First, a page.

Standard wheels are prone to come unseated in more extreme offroad riding applications where air pressure is reduced to increase traction and flotation.
On bead-lock wheels, the tire sits on the bead seat, but instead of a bead hump, it is held in place by a bead lock ring. The ring is secured by a couple of dozen bolts that pinch the wheel between the wheel flange and the locking ring.
The bead lock allows riding with low tire pressure without the tire slipping and coming unseated under hard braking, acceleration, cornering, or hitting objects.
Some wheels have bead locks on both sides, but for ATVs, it is more common with bead lock rings only on the outer edge, as this part of the wheel is typically more exposed.
Related: How Do ATV Beadlocks Work?
Wheel Sizing (Width and Diameter)
Wheel sizes are measured in Diameter X Width. While this might sound relatively straightforward, it is something many people get wrong.
You might think the width is measured from outer edge to outer edge, and the diameter is measured diagonally across the entire wheel, but that is incorrect.
The Wheel width should be measured from bead seat to bead seat, where the seat meets the flange.
The flange thickness (the edge outside the tire) on either side is not included in the advertised width. This is because wheel designs vary, and the bead-to-bead measurement better represents a reference against tire sizes.
On Beadlock wheels, you measure as if the bead lock ring wasn’t there.
The wheel diameter measures almost the same, from bead seat to bead set, but diagonally across the wheel.
The easiest way to measure the diameter is to measure the overall width and subtract the lip height twice.
If you want to learn more about ATV wheel sizing, you can head to this article.
Lug Pattern / Bolt Pattern
The lug pattern indicates how many bolt holes a wheel has and the distance between them. For instance, a 4/110 bolt pattern wheel has four holes with a diagonal spacing of 110mm.
The wheel bolt pattern must match the wheel hub, or the wheel will not fit.
Bolt patterns typically vary between ATV brands and models, so knowing your ATV’s pattern is essential.
ATV Wheels vs. UTV Wheels
UTV wheels are essentially the same as ATV wheels but are typically a couple of inches bigger. Also, most UTV wheels are aluminum.
What Are the Different Parts of an ATV Wheel?
A wheel comprises two units: the center disk portion and the rim portion. Each part is divided further by function. Let us begin in the middle and work our way outward.
The wheel’s center bore is the large hole in the center of the wheel. On hub-centric wheels, the hole is machined to fit on a protruding flange on the wheel hub. Its purpose is to help align the wheel in the center of the hub to prevent vibration.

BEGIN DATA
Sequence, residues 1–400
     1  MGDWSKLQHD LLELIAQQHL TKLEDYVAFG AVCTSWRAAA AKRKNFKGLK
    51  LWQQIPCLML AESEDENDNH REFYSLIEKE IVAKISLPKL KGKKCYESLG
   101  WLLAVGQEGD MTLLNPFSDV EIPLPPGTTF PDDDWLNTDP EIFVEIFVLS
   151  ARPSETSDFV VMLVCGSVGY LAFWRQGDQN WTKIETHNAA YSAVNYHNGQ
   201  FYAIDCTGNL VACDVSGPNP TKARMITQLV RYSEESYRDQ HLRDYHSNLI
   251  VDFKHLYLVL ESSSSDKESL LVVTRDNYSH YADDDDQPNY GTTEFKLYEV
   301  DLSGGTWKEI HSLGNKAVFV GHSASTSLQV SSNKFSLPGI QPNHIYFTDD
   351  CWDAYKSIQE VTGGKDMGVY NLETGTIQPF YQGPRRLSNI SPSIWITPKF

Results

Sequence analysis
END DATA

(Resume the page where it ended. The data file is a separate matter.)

The center bore is slightly larger on hub-centric wheels, and you’ll need to use a plastic spacer to fit the gap.
On lug-centric wheels, the center bore is machined to a generic size and doesn’t play a role in keeping the wheel centered.
A removable center cap usually covers the center bore.
This portion of the wheel includes the axle mounting pad area and spokes.
Axle Mounting Pad: The flat area on the rear side of the wheel’s center portion, which aligns with the wheel hub.
Wheel Spokes: The structures that connect the axle mounting pad to the outer part of the wheel are known as the barrel.
Lug Holes: The holes for lug bolts or wheel studs are usually called lug holes and are laid out according to the bolt pattern described earlier in the article.
When you draw an imaginary circle through the center of the lug holes, you get the bolt circle, also known as the Pitch Circle Diameter (PCD).
Bolt Circle. The diameter of an imaginary circle drawn through the center of each lug hole. It is also referred to as the bolt pattern.
The rim is the outmost portion of the wheel. In other words, it is everything outside the spokes.
The barrel is the cylinder-shaped outer portion of the wheel, between the center disc and the flanges. Across the barrel, you find essential tire mounting structures such as the drop center, mounting humps, and bead seats.
Drop Center. The immersed part where the barrel diameter is the smallest. When mounting a tire to the wheel, the tire needs to go down into the drop center portion for the tire to fit onto the wheel.
Mounting Humps or bead humps: The small ridges on either side that prevents the tire from sliding away from the wheel of the edge. Seating the tire is when the tire is being installed, and air pressure forces the tire over the mounting humps.
Bead Seats: The area where the tire beads rest and seal on either side of the wheel. It is located between the mounting hump and the flange.
Valve Stem Hole: A hole in the wheel designed for inserting a valve stem that inflates the tire with air.
The flanges are the widened outer portion of the barrel outside the bead seat. The primary purpose of the flanges is to prevent the tire from sliding off the wheel and creating seals so that air stays inside the tire.
The lip is the part of the rim outside where the spokes attach to the barrel.
What Makes ATV Wheels Different From Other Wheels?
ATV wheels are designed slightly differently than car wheels to better suit rough off-road and utility riding applications.
- The overall construction is more rugged, making it more capable of taking a beating without cracking.
- The mounting hump on ATV wheels is larger than on-road wheels to reduce the risk of unseating the tire when riding off-road at low pressure.
- ATV wheels don’t have to be as balanced, as they are not designed for high-speed on-road use.